A tooth becomes impacted due to lack of space in the dental arch and its eruption is therefore prevented by gum, bone, another tooth or all three. Lack of space occurs because our jaws have become smaller (through evolution), we do not loose teeth through decay as frequently as in the past, and our diet is such that our teeth do not wear down as much.
Wisdom teeth generally cause problems when they erupt partially through the gum. The most common reasons for removing them are:
It is now recommended by specialists that if impacted wisdom teeth need to be removed, this is best done between the ages of 14 and 22 years. At this time surgery is technically easier, patients recover more quickly and the risk of complications is much lower. This is a relatively easy procedure in a patient at the age of 20, however it may become very difficult in a patient over 40 years of age.
Not all wisdom teeth require removal. The following diagram summarises the management of wisdom teeth:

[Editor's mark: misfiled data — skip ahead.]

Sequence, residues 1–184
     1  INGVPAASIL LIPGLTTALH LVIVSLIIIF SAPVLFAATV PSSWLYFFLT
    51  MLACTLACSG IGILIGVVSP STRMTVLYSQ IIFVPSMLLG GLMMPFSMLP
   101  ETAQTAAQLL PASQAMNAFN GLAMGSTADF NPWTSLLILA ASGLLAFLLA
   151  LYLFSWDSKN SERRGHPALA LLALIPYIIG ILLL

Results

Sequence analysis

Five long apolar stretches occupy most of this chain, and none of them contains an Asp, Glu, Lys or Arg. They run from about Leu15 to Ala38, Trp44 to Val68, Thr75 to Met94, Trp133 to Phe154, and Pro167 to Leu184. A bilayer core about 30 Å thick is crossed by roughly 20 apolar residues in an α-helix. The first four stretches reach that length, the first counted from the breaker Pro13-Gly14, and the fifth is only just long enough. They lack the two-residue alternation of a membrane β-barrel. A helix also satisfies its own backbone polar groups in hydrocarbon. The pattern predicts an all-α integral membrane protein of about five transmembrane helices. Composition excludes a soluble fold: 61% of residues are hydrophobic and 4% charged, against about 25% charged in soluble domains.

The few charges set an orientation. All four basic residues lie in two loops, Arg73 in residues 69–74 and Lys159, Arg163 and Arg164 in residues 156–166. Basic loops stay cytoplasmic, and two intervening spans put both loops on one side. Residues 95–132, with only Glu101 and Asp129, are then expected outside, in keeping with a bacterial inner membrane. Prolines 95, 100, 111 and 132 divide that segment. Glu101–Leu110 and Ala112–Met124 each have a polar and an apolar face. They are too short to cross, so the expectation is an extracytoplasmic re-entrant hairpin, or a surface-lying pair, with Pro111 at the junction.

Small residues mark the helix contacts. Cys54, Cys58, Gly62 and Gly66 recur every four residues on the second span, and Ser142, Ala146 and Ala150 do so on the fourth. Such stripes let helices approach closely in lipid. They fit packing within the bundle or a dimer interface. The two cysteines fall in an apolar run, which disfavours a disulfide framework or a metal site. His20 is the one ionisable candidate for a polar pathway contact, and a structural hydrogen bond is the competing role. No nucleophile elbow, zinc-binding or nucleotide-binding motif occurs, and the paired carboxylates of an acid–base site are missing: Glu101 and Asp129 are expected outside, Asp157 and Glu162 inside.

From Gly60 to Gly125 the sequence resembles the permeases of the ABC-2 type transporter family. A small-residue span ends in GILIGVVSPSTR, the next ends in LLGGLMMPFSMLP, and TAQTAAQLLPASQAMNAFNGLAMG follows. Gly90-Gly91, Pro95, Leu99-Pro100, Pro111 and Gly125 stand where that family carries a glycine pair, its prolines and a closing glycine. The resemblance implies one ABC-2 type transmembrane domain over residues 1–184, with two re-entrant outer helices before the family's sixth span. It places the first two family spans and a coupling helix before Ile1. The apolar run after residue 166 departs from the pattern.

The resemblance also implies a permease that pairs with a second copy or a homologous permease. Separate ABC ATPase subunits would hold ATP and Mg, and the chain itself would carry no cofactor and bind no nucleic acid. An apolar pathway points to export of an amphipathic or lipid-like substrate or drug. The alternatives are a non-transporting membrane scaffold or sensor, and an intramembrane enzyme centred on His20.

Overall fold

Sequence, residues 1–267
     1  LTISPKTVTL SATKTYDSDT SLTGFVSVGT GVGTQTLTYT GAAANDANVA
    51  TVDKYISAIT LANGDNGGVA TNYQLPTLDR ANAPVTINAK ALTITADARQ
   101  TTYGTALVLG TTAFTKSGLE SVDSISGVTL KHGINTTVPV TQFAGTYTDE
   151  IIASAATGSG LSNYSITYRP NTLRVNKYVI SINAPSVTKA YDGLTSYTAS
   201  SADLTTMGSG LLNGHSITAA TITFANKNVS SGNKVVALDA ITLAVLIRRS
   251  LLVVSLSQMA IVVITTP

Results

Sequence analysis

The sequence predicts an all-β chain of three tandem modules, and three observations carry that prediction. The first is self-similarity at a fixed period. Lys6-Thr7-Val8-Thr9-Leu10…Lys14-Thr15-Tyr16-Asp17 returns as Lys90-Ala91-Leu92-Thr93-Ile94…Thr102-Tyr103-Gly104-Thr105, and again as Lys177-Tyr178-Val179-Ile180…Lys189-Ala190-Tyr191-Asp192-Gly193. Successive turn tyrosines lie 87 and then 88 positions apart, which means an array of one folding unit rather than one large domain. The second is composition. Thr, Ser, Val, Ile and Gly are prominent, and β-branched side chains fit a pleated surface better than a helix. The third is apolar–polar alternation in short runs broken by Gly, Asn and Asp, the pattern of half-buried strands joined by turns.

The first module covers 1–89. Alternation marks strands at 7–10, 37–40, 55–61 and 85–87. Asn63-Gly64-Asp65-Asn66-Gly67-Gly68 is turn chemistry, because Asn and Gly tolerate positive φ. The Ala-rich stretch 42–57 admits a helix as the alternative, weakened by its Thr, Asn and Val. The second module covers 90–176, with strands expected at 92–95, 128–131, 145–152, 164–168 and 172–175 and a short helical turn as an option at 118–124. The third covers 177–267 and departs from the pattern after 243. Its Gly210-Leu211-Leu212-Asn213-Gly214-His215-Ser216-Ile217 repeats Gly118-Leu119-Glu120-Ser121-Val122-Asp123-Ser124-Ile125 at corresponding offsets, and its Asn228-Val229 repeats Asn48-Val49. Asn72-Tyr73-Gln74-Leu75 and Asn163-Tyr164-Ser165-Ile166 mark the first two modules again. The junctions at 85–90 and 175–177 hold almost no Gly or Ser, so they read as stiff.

If you are going to an area where specialist dental services are not available and your wisdom teeth are impacted, it may be advisable to have them removed beforehand.
Should an impacted wisdom tooth be removed if it hasn't caused any trouble? There is always a risk that impacted wisdom teeth may cause problems at any age. Such problems may occur suddenly and at inconvenient times. If the wisdom teeth appear to have a high probability of causing problems, your oral surgeon may advise you to have them removed.
Generally, no. Surgery in the presence of infection can cause it to spread and become more serious. Firstly, the infection must be controlled with antibiotics, local oral hygiene and sometimes the extraction of the opposing wisdom tooth.